Blog : CryptoCurrency

How FTX Blew Up Overnight… In Flames

How FTX Blew Up Overnight… In Flames

FTX, recently valued at $32 billion, has just blown up. But not in the “viral-overnight” sense. More like, a nuclear catastrophe. 

On Wednesday, the largest cryptocurrency exchange on earth, Binance, tweeted that it was terminating its partnership with FTX. Binance stated, “We have decided not to pursue the potential acquisition of FTX as a result of corporate due diligence and the most recent news reports regarding mishandled customer funds and alleged US agency investigations. Initially, our hope was to be able to support FTX’s customers to provide liquidity, but the issues are beyond our control or ability to help.”

And on Friday, FTX filed for bankruptcy, and its CEO resigned.

Not exactly a good day for the company.

So… what the heck happened?

Alameda Research is where it all starts. Sam Bankman-Fried established Alameda, a proprietary trading firm that dabbled in cryptocurrencies, in 2017. They made money buying and selling crypto… and there was a lot of buying and selling going on. After a while, Sam realized he wanted more. He didn’t just want to trade cryptocurrencies himself. He wanted to also get very large financial institutions involved.

So, in 2019, he set up a crypto trading platform called FTX, which became a wildly popular mobile app that had a quick rise to disrupt the financial industry.

If you’re familiar with FTX’s model, they were (emphasis on “were”) a crypto marketplace that would locate a crypto vendor if you intended to make a purchase, and vice versa. When FTX handled a transaction, the company earned a fee. Customers who were willing to place large wagers were also eligible for loans. The exchange imposed interest on this of course. Money was made. RobinHood App, move over.

Except… then it wasn’t. FTX almost went bankrupt due to a “liquidity” problem, according to the media, which essentially meant that the crypto markets were crashing and customers wanted their money back. As in, $6 billion over the course of three days. And, of course, FTX was unable to issue these refunds because they, like any exchange would, had used these customer-earmarked funds for business expansion, under the belief that the crypto market was too big to crash. When it did crash and every Chad and Aidan on earth wanted to cash out the $750 they had sitting in FTX for the next coin rush and FTX had nothing for them, chaos ensued.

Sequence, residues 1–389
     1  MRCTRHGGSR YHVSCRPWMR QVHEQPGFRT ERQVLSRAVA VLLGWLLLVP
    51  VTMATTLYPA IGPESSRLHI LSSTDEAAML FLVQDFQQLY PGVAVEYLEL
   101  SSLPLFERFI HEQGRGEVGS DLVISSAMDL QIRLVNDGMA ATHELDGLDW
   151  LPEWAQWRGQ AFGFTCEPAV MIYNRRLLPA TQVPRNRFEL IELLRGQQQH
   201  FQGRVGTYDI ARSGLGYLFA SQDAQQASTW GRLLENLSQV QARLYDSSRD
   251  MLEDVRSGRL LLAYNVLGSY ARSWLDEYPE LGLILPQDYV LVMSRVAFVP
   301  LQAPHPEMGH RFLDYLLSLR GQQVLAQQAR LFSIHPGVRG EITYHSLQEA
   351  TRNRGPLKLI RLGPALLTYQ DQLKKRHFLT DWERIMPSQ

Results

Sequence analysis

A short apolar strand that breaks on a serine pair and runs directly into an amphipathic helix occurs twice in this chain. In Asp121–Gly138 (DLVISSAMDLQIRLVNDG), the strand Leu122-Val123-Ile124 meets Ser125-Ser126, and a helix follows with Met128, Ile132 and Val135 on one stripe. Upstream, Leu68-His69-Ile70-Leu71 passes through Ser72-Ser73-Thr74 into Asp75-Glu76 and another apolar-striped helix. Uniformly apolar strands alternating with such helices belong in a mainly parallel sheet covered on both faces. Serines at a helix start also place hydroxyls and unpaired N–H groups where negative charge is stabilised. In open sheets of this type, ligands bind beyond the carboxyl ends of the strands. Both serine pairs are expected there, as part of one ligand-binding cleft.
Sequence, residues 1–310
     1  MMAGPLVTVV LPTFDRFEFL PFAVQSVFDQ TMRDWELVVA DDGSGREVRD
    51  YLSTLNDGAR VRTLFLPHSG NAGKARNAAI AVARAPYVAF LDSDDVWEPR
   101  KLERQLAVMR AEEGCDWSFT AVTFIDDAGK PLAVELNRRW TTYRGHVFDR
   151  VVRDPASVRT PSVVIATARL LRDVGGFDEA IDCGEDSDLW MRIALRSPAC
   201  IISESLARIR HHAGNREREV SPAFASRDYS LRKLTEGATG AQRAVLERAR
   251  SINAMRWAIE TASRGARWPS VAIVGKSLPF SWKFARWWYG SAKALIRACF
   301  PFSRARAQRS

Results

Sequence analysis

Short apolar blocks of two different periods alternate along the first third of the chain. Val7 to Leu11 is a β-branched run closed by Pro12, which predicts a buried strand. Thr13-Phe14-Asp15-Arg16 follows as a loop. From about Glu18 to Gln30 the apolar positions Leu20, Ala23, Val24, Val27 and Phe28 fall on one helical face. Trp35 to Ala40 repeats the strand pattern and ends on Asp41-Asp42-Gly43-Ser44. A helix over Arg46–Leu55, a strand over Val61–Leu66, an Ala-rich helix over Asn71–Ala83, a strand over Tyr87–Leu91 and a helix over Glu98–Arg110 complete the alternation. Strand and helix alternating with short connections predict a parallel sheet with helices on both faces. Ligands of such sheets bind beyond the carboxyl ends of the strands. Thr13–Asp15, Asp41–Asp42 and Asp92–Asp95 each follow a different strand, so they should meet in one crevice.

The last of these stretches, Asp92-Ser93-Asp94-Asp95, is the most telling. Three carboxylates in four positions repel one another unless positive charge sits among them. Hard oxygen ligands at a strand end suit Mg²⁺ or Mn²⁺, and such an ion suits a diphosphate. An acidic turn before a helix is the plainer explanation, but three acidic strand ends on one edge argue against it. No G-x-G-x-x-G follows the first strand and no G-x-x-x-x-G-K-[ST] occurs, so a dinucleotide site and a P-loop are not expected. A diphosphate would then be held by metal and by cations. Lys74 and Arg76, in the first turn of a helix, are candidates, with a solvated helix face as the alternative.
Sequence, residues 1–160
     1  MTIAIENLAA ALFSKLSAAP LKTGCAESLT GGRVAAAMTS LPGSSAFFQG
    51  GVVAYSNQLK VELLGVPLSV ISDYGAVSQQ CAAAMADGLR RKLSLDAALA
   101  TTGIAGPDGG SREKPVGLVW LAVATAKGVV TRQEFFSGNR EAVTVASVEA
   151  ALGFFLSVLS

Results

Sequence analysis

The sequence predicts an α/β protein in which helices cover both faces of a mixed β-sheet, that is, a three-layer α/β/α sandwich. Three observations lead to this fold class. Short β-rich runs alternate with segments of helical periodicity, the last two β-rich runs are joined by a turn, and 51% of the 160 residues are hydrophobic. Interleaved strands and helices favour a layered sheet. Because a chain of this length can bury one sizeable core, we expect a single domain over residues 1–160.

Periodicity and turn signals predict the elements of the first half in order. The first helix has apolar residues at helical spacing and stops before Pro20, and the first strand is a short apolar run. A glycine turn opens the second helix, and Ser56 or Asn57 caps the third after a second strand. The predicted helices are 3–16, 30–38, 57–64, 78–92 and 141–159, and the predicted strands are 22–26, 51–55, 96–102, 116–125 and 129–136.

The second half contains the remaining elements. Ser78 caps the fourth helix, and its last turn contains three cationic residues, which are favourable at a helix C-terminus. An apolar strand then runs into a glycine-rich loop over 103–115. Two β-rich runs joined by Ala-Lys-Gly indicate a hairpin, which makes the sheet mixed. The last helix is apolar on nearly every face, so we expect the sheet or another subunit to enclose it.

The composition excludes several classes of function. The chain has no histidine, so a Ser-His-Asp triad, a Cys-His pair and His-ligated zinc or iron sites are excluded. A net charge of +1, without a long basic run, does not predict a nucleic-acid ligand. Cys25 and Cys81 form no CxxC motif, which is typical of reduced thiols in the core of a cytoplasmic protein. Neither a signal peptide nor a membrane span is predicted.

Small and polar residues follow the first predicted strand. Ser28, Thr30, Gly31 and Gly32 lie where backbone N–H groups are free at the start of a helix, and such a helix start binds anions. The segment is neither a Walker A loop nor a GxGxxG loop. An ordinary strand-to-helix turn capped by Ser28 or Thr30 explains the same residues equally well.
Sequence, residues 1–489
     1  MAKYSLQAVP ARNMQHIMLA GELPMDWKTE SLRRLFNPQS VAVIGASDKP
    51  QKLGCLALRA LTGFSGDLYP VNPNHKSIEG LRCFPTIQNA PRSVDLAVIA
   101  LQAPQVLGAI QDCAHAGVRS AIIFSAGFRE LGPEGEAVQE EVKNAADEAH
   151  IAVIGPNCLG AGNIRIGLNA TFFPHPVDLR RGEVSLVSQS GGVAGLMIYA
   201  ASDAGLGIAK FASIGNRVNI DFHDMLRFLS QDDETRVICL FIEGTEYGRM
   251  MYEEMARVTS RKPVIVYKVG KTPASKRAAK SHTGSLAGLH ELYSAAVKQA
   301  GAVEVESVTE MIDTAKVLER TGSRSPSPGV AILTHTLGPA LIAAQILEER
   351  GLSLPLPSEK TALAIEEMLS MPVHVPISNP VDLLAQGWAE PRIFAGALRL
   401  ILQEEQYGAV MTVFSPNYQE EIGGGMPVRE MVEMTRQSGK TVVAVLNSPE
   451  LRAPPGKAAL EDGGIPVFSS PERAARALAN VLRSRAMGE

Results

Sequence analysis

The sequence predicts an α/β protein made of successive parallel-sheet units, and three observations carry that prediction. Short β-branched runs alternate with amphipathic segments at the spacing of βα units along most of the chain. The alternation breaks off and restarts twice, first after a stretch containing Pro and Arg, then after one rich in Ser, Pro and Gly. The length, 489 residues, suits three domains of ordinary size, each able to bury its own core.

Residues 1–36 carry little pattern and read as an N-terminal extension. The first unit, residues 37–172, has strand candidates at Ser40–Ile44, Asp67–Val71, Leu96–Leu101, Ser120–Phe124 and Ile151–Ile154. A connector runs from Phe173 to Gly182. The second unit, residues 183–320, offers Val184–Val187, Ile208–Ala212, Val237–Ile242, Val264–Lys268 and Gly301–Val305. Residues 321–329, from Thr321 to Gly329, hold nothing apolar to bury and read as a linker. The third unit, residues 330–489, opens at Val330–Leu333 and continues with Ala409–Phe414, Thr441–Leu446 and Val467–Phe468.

FTX has always had lofty goals. When they launched their trading platform, they also unveiled their own cryptocurrency token called FTT. “We can make our own coin and make serious money with it!” was the big idea. And of course, making your own cryptocurrency costs… money.

So, FTX offered all buyers of their proprietary tokens discounted or free withdrawals and reduced trading fees as an incentive to join their platform. 

The token’s potential began to emerge quickly. The costs started to emerge, too. So FTX started buying its own tokens with a portion of its actual revenue generated from transaction fees, artificially inflated the demand for their own coin by purchasing it in large quantities. 

Basically, FTX created a coin, asked people to buy it for perks, then bought more of their own coins using the money people paid for the coins originally to artificially inflate the value of their coin, so people would buy more.

What could go wrong?

When the cost of FTT started going up, the value of Alameda’s holdings of these coins started going up as well. When the FTT tokens started going up in price, this would greatly benefit Alameda (and Sam, FTX’s founder… definitely not shady).

FTX likely used customer deposits or borrowed money to make loans for trades. But when customers all at once started demanding their deposits back, FTX didn’t have enough to cover everyone’s accounts.

The worlds largest crypto exchange, Binance, was positioned at first to essentially bail FTX out of its situation. But, as mentioned above, they pulled out. In a statement, Binance explained,

“We have seen over the last several years that the crypto ecosystem is becoming more resilient and we believe in time that outliers that misuse user funds will be weeded out by the free market.”

Burn. So much burn.

Since its inception, the cryptocurrency industry has battled to win over skeptical regulators, investors, and everyday customers. As a result of Binance’s withdrawal and the decline of FTX, a company that appeared more stable than others, the market has been jolted.

If anything, the FTX crash will turn off institutional investors just as they were starting to warm up to the cryptocurrency space. It may take years to restore faith in the sector’s promise, even though some people will continue to work on interesting projects. Because, you know, crypto.

Tightening screws for crypto companies that make it through the oncoming purge will almost certainly increase. Crypto’s future will be heavily debated on Reddit threads across the world.